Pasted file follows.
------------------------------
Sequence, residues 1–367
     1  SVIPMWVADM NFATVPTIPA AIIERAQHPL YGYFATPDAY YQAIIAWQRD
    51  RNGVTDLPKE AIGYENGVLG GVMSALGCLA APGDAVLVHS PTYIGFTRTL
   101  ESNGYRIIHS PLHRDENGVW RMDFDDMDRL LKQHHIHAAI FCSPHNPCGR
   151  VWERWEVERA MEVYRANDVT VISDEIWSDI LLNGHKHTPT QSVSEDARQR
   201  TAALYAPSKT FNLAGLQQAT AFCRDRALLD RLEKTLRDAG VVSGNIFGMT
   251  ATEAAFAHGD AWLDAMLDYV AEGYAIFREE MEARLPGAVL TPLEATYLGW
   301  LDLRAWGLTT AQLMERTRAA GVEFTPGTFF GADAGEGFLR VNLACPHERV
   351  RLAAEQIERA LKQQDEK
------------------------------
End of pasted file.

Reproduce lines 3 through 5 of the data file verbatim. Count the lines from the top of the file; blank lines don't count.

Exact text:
    51  RNGVTDLPKE AIGYENGVLG GVMSALGCLA APGDAVLVHS PTYIGFTRTL
   101  ESNGYRIIHS PLHRDENGVW RMDFDDMDRL LKQHHIHAAI FCSPHNPCGR
   151  VWERWEVERA MEVYRANDVT VISDEIWSDI LLNGHKHTPT QSVSEDARQR